Editors' pick

Adour at the St. Regis Washington, D.C.

French
$$$$ ($35 and up)
Adour at the St. Regis Washington, D.C. photo
Allison Dinner/For The Post
Alain Ducasse brings French cuisine to the St. Regis.
Mon 10-11 am; Tue-Thu 10-11 am
5:30-10 pm; Fri 10-11 am
5:30-10:30 pm
(Downtown)
McPherson Square (Blue and Orange Lines)
202-509-8000
74 decibels (Must speak with raised voice)
'

Editorial Review

2010 Spring Dining Guide

By Tom Sietsema
Sunday, May 23, 2010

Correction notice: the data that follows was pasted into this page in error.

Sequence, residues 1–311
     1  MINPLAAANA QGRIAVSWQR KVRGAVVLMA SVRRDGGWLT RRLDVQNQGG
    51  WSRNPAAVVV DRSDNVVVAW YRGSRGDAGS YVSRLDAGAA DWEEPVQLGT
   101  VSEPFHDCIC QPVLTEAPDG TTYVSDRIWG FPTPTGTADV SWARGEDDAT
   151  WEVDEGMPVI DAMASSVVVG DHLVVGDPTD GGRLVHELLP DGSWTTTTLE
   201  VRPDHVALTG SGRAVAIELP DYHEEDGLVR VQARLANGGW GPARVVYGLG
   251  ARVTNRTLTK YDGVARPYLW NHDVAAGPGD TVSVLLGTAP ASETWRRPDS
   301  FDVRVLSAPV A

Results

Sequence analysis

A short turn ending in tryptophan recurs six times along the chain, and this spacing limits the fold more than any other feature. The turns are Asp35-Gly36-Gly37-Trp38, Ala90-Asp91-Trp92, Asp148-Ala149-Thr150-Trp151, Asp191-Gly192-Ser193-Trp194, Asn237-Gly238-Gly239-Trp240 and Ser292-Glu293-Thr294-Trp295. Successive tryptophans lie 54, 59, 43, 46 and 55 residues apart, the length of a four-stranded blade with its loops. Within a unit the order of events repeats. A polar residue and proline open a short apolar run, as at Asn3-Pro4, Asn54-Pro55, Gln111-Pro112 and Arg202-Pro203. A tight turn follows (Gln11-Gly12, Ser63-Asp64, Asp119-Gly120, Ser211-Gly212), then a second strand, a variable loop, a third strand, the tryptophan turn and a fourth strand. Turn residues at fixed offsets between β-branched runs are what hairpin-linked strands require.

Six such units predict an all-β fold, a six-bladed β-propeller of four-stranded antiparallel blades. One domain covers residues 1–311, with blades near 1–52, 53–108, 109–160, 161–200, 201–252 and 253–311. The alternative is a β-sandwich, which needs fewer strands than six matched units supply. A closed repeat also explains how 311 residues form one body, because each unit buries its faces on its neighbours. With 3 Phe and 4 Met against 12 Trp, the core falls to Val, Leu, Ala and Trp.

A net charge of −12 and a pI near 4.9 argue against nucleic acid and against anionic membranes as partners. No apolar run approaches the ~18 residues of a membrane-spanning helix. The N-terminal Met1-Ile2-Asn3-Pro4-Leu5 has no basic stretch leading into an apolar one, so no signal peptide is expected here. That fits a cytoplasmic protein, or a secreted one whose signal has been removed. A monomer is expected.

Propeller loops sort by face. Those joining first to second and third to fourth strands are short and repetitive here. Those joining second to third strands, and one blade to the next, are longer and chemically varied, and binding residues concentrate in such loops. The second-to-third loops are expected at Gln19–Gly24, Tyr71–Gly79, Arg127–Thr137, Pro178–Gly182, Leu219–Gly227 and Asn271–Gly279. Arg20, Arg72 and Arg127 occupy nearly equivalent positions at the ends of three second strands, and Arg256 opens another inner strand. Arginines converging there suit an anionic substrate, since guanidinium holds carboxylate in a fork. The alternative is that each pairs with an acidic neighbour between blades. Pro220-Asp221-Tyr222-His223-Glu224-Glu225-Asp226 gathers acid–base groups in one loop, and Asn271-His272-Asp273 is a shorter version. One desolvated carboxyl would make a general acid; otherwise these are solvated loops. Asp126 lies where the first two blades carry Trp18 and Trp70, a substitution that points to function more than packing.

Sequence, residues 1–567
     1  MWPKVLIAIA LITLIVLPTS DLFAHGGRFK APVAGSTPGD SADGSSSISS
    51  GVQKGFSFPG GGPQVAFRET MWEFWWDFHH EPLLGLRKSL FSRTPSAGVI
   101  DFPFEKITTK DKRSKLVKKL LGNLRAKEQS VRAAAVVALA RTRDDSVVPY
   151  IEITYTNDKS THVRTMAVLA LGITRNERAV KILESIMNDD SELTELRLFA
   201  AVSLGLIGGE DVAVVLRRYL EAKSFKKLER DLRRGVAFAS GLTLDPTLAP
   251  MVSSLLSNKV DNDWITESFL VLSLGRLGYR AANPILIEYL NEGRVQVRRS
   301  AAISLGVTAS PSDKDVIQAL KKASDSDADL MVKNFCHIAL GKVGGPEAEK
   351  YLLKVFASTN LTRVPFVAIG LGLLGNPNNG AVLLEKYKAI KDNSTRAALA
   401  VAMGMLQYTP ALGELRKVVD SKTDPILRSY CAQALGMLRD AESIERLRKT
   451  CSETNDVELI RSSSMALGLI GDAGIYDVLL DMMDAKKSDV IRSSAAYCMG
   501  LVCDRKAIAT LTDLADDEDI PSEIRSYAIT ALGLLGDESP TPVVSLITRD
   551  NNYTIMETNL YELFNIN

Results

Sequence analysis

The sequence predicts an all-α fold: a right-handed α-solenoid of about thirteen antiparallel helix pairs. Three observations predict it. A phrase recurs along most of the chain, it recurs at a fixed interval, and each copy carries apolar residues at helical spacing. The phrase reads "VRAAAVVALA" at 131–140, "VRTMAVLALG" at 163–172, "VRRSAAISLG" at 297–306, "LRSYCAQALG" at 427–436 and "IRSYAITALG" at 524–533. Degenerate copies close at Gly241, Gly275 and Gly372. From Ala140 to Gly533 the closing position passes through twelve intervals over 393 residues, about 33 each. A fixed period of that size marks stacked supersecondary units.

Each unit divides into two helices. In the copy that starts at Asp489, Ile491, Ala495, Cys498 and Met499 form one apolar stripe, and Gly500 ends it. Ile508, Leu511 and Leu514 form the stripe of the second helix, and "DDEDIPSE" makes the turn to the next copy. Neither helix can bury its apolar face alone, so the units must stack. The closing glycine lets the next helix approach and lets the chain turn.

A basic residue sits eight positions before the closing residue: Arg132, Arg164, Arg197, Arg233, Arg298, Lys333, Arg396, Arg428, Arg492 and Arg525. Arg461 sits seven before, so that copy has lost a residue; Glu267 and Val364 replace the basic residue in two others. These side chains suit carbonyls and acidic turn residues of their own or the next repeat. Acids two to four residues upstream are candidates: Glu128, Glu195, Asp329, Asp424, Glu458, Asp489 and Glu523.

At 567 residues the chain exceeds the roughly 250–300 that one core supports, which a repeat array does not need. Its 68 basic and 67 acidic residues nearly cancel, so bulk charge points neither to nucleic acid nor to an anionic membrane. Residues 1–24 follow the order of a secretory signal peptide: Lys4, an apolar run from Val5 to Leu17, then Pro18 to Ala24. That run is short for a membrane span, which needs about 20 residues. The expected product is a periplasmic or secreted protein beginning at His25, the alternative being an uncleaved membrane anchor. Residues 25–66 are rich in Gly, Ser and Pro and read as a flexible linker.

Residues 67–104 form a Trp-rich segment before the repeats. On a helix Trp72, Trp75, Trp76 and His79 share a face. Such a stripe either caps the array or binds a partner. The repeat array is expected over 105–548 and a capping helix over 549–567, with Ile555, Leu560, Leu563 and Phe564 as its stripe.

There's a three-star appetizer on the menu of this tony David Rockwell design in the St. Regis hotel. The dish celebrates sweet lobster medallions and an ivory salad of soft orzo tossed with crisp bits of cauliflower: a pretty construct topped with a fluff of greens and circled with caviar cream. The dish, by chef Julien Jouhannaud, is elegant and full of delightful contrasts. There's also a three-star dessert on the menu. While a diner might expect to see a souffle on a high-end French menu, pastry chef Fabrice Bendano's contribution is first-rate and fun: a towering cloud of sugar, eggs and hazelnuts that comes with a side of orange sorbet and granite. "Add them to the souffle," a server coaches, "and the whole thing tastes like Grand Marnier." Indeed, it does. Not a spoonful of the warm and nutty, cool and citrusy dessert is left after I have my way with it. White leather chairs and illuminated displays of wine beneath a baronial ceiling create a setting that is at once cool and comfortable. Warm and peppery gougeres and a gratis tease from Jouhannaud (salmon rillettes most recently) at the start of dinner hint of good things to come from the kitchen, whose muse is the celebrated French chef Alain Ducasse. Sometimes they do. Carefully roasted turbot is beautifully staged with "a contrast of carrots," including see-through ribbons and gremolata-spiced baby carrots. Like several dishes, this one can be ordered by the half- or full portion. Veal loin, as succulent as it gets, trumpets spring with a shower of bright peas and morel mushrooms touched up with cream and lemon. To accompany these dishes, I know to trust sommelier Ramon Narvaez to bring me something that flatters them (and that rests in my price range) from his cellar. Adour can also be uneven and unexciting. A square crab cake, perked up with a slaw of green papaya, is more clever than delicious. There's no spark in its sauce of coconut milk and curry, just richness. (That's true of a number of sauces here.) Cocktails emphasize sweetness, mini-baguettes are bland, and a collection of all things spring -- ramps, asparagus, morels -- topped with a poached egg is just colorful mush in a stylish porcelain dish. There's no doubt the kitchen uses prime ingredients, many of them local. But as I felt about Adour the last time, I still leave my meals here wishing for a touch more finesse and a few more compelling reasons to return.